Writing Women's Fiction


How to write women's fiction

Women's fiction is a broad category - too broad, since women's interests are as varied as women themselves. But at the heart of women's fiction is relationship in all its guises - romantic mostly, but also historical or contemporary, raunchy or prim, comic or serious, commercial or literary

We've asked one expert in women's fiction to have her say on what works, what doesn't and what literary agents are after.

 

Julia Hamilton

Author of Forbidden Fruits and 5 other acclaimed women's novels

What exactly is ‘women’s’ fiction? And what differentiates it from ‘romance’?

The genres are linked but they are also distinctly different. Statistics tell us that women read more than men and they buy more books than men, thus the concerns of women’s lives are very important to today’s market. Women’s fiction includes romance – a big, serious market producing big serious revenues, but women’s fiction - just like the women who read it – has evolved to include subjects and themes that range far beyond the constraints of romance. Literary agents will respond especially to work that takes old genres and reworks them in new ways.

Women’s fiction is a growing market that includes many facets of other genres: it can be literary, it can be commercial, it can be contemporary or it can be a multi-generational saga, witness the success of Rosamund Pilcher. In all cases, however, the woman is the star of the story and her changes and emotional development are the subject.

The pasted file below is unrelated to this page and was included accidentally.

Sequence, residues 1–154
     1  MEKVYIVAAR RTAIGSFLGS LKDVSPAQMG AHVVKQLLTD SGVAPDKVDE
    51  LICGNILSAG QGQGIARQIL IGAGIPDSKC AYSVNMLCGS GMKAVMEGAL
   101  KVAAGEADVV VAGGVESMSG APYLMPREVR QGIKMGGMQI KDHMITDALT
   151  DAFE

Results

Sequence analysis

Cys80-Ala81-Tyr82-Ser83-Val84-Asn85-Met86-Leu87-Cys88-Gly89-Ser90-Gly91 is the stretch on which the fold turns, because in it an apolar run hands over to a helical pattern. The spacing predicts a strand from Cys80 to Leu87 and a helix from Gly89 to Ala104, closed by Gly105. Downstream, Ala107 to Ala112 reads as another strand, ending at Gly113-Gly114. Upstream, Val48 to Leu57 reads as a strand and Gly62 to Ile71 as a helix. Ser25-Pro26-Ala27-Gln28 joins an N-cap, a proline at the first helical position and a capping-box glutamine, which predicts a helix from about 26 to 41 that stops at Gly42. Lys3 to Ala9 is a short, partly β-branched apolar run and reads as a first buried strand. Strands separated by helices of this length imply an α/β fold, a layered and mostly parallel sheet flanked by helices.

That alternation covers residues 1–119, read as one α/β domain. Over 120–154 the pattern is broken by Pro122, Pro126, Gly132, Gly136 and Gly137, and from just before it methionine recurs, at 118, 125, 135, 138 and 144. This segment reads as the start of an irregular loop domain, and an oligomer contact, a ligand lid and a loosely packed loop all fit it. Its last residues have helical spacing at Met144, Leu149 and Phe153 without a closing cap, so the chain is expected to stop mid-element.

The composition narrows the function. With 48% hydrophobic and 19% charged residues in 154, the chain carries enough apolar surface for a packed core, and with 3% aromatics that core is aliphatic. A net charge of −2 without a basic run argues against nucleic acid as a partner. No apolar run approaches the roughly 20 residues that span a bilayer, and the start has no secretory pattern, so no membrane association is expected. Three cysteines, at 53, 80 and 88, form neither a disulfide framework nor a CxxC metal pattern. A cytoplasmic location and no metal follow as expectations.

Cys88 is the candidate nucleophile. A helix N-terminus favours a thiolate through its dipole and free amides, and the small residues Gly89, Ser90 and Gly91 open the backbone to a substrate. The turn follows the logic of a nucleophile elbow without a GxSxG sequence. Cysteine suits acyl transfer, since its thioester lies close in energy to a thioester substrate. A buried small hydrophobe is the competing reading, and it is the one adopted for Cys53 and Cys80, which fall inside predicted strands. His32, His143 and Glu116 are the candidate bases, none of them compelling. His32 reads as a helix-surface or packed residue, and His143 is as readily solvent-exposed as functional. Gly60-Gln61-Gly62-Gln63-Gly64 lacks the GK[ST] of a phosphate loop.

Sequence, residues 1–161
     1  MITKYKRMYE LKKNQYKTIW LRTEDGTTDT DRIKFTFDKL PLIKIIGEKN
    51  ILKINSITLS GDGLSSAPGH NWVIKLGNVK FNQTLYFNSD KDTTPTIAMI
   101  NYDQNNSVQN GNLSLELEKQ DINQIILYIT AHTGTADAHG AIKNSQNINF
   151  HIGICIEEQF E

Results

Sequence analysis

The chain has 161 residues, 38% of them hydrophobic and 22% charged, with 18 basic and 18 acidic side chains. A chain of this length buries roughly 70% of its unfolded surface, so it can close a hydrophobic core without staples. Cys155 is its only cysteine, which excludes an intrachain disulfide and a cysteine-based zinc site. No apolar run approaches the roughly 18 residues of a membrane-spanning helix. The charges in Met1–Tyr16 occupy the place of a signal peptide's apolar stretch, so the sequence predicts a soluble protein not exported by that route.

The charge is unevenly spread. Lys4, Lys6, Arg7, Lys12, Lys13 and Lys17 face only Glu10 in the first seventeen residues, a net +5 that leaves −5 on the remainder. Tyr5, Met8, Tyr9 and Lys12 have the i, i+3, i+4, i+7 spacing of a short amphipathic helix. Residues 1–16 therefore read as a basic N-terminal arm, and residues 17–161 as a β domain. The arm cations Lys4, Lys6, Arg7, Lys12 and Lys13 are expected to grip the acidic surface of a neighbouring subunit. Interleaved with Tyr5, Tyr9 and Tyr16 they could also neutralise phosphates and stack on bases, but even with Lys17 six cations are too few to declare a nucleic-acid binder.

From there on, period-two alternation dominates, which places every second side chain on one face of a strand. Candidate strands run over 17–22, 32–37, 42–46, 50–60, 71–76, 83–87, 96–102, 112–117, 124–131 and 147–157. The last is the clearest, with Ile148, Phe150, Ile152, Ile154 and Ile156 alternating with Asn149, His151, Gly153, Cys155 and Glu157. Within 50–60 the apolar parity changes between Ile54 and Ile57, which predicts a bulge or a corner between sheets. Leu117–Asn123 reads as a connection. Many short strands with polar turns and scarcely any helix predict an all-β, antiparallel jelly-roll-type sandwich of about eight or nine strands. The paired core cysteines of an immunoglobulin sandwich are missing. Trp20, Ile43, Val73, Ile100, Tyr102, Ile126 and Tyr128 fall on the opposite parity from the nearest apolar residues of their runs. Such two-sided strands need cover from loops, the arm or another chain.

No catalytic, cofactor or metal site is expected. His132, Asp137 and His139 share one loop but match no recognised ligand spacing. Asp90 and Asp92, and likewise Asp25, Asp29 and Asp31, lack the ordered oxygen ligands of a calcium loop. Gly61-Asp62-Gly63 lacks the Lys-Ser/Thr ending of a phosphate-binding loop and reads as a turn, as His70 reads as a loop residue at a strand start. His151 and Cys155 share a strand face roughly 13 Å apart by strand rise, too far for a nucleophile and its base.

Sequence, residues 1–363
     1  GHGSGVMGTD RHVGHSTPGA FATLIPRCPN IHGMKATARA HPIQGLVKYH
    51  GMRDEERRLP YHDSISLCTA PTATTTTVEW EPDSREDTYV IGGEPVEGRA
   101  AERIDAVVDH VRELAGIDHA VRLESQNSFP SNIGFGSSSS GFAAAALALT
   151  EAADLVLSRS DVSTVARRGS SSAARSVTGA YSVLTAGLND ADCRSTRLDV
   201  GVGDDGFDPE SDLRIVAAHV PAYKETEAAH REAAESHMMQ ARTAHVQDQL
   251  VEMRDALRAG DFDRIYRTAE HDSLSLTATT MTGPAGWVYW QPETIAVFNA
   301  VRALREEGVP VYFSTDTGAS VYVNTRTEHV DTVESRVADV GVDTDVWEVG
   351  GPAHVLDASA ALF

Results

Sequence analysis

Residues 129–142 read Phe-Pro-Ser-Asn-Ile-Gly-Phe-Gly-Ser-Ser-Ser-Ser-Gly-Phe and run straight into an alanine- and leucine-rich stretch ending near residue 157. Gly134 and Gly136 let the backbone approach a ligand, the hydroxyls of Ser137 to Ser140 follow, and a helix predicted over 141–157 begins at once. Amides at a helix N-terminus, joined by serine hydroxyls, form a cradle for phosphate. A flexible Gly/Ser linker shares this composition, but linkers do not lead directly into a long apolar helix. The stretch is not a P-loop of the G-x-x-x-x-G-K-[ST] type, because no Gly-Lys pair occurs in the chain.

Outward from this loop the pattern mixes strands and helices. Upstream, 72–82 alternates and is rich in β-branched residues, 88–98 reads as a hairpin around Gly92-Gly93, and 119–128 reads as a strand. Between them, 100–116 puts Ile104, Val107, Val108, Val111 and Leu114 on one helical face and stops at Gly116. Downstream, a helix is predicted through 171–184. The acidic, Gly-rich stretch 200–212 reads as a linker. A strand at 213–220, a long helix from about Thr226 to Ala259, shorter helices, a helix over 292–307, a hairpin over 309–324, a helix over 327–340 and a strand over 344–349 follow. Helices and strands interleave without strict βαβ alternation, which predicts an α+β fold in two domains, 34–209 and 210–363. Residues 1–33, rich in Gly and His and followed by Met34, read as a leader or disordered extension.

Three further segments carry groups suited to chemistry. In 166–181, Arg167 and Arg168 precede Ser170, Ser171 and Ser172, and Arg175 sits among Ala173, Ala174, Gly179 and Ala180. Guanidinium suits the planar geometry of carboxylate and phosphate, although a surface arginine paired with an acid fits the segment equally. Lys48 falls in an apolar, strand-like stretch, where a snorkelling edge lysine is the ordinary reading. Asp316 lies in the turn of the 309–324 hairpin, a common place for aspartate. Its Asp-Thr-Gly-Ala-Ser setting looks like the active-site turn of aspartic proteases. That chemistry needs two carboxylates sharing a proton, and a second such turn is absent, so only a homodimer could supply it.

The heart of the story may include romance but it is invariably a novel driven by a relationship at the very core of the plot.

Women’s fiction tends to be longer, about 100,000 words or more, but it can be as short as 50,000 words plus. Longer women’s fiction allows the development of multi-layered, multi-charactered subplots with deeper characterization. There’s more introspection and description and buckets of backstory.

A man may be waiting for the heroine of these novels but he’s not the centre of events. Stories of sisters (Anna Quindlen’s brilliant Rise & Shine) or women’s friendships are currently in vogue. Every major publisher and most of the new e-publishers has women’s fiction titles in their list. Relationships are all and there is almost always a life-affirming resolution even if the story is a sad one.

If you’re interested in writing women’s fiction then you must read it in all its glorious diversity. If you’re not reading it you probably won’t be writing it. Don’t worry about where the story will take you – just do it!